Transit’s rebound from the COVID-19 pandemic may take a little more than filling subway seats. As cities grapple with the post-pandemic commute, the provincial government is offering additional relief funding, but with a catch: Toronto must consider swapping resource-heavy routes out for microtransit solutions. An on-demand alternative to costly transit routes, microtransit may be a more accessible and affordable option, linking transit with operating partners from the rideshare space.
Smaller municipalities such as Innisfil have had success with a subsidized rideshare-transit option, but it’s unclear how this will work in a large city like Toronto. Safety concerns have proven to be an obstacle for rideshare companies like Uber and Lyft, and COVID-19 has stalled the city’s vehicle-for-hire driver training accreditation application process. It seems like the province’s desire to level up microtransit comes when the city is struggling to implement its rideshare safety protocols.
For those sticking to private vehicles, there may be a new highway to cruise. Ontario has presented the GTA West Highway – to be known as the 413 — which will cut across York, Peel, and Halton regions. While still in a consultative phase, the four-to-six-lane highway is already drawing a lot of criticism with Environmental Defence lobbying to cancel the project. While much may change in the coming years, the Ontario government projects that the 413 will see more than 300,000 vehicle trips per day by 2031, servicing users with intelligent transportation features, trucking, parking, and transit infrastructure. Vroom vroom.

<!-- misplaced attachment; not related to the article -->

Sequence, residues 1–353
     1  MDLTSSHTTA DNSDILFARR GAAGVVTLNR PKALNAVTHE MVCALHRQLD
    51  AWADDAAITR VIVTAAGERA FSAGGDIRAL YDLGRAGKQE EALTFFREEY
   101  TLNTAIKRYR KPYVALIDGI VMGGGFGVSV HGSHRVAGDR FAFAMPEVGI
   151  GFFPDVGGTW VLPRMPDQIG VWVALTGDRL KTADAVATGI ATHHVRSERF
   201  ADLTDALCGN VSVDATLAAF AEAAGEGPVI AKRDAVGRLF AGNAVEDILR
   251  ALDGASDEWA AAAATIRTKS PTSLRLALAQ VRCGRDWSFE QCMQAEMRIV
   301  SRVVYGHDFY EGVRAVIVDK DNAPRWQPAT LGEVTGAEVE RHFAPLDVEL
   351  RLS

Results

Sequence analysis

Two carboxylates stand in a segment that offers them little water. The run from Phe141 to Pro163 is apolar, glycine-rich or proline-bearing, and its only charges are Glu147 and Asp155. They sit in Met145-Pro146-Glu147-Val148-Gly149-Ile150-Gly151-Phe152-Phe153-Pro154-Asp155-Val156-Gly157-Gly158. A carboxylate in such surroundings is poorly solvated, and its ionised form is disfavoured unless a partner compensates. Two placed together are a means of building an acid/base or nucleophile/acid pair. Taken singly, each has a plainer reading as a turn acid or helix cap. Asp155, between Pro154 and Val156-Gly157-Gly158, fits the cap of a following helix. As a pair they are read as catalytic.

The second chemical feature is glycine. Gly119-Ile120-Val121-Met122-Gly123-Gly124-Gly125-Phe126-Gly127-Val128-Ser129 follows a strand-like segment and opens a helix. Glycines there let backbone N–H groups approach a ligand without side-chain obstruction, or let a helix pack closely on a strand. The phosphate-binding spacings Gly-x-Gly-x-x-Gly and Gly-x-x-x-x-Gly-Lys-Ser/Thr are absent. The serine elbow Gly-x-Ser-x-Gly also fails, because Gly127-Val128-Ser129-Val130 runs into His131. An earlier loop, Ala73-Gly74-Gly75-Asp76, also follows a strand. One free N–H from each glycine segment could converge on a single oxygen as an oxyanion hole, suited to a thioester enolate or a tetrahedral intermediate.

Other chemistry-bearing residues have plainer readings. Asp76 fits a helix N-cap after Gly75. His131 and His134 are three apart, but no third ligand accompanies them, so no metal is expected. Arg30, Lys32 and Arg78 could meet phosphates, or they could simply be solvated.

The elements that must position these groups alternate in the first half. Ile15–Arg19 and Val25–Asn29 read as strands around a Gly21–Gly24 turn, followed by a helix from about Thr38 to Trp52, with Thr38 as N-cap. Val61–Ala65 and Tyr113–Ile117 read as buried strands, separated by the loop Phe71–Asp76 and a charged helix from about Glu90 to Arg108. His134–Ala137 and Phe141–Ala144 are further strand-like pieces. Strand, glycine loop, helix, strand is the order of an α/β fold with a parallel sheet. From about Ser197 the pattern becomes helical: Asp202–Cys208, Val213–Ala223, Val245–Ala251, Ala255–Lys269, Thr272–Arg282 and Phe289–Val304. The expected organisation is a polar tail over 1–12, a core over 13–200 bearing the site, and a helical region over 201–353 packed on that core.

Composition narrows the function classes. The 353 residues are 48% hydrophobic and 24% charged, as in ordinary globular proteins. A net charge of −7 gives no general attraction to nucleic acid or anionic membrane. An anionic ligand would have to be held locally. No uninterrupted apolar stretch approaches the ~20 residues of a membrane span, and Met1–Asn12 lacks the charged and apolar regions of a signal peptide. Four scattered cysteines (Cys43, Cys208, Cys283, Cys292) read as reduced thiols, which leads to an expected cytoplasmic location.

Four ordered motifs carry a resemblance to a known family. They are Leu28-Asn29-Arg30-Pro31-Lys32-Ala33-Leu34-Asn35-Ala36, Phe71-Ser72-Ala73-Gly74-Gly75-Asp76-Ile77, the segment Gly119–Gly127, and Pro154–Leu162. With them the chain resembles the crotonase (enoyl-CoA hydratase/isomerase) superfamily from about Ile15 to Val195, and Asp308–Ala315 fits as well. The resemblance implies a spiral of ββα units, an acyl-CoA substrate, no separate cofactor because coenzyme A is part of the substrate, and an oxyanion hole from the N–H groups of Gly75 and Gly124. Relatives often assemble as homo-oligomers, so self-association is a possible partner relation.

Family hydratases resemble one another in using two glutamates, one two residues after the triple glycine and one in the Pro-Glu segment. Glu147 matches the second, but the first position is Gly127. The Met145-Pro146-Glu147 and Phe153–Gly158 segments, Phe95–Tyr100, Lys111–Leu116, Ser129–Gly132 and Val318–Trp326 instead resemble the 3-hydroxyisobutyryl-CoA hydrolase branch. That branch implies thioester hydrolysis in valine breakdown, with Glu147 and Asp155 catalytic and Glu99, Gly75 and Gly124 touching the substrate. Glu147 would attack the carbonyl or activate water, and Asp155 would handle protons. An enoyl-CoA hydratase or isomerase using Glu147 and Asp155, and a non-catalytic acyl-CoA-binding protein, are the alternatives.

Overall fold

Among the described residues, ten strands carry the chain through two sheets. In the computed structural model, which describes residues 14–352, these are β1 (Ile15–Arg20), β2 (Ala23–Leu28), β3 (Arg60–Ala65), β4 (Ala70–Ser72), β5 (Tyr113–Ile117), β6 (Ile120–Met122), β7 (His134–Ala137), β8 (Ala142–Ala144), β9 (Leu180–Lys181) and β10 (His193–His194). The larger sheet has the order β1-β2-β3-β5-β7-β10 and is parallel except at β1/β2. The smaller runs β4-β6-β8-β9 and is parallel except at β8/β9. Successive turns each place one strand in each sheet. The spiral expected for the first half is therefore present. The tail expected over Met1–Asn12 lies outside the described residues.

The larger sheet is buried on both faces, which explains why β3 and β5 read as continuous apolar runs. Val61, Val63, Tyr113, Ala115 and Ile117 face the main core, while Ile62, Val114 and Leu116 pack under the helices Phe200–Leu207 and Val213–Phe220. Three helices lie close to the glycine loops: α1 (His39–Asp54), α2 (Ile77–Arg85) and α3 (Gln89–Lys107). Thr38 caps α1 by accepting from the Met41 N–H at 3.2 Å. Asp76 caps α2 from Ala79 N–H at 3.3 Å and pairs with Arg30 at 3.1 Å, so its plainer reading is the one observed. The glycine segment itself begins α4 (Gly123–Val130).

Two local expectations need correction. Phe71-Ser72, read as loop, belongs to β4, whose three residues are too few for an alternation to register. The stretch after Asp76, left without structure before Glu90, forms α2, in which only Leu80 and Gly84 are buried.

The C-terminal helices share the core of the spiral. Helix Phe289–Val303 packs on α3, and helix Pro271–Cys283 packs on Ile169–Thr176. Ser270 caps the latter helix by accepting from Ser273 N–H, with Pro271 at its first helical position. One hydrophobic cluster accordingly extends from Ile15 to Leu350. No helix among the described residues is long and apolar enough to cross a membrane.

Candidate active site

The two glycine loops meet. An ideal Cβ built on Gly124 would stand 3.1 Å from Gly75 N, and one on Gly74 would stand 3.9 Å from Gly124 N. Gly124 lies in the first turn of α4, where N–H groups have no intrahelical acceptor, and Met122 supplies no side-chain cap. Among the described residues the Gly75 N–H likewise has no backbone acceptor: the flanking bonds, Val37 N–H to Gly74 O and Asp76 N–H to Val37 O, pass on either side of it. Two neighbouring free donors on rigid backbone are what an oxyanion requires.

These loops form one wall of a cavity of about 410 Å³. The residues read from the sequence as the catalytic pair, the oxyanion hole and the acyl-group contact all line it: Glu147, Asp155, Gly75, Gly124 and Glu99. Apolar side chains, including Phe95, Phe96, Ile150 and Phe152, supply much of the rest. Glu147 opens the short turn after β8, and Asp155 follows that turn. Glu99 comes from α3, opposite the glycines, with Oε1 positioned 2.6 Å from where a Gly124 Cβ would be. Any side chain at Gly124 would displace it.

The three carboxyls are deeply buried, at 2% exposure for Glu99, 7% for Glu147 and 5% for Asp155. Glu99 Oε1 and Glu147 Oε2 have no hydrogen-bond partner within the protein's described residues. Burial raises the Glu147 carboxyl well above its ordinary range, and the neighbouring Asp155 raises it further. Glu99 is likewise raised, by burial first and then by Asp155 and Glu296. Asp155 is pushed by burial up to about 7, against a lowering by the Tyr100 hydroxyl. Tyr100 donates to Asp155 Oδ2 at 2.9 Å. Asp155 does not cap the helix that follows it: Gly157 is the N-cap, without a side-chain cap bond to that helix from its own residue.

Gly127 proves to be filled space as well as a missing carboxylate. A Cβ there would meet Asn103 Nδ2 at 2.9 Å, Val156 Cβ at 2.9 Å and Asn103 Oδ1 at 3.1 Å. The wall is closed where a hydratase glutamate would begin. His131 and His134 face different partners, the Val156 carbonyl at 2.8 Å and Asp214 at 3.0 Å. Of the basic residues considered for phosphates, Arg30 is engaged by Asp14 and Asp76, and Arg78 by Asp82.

Some good news from the streets: this has been the safest year for Toronto’s cyclists and pedestrians in over a decade. With the lowest number of fatalities since 2007, the city is hitting its midyear marker in stride. Experts caution the results are limited given the pandemic-related changes to commuting. There’s been a surge of new bikes, scooters, and pedestrians on the road, demonstrating a preference for active transportation over public transit. However, consider this a PSA: as cities head back to school and work this fall, expect roads to get a lot busier. Newer cyclists still getting a feel for the road, out of practice drivers, and stressful commutes may create a perfect storm of road-related risks. Hitting the road? Do it with focus, patience, and compassion.
Tech may be helping keep streets safer as well, but not all features are created equal, survey says. Vehicle owners recently weighed in on their 2020 vehicles, spilling the beans on what tech features they love and hate. The J.D. Power 2020 U.S. Tech Experience Index (TXI) Study saw Volvo snag a top spot for the innovation category — a great nod for the safety-centric brand.
While vehicle owners love on-board cameras for the different viewpoints, there is a growing distrust of “active drive technologies” — think autonomous-like control actions such as accelerating, braking, and steering. Designed to make driving easier, respondents cite frustrations with learning and deploying the technology, especially as it differs vastly between vehicle models and brands. Perhaps the autonomous future isn’t as rose-coloured as we’d like to think?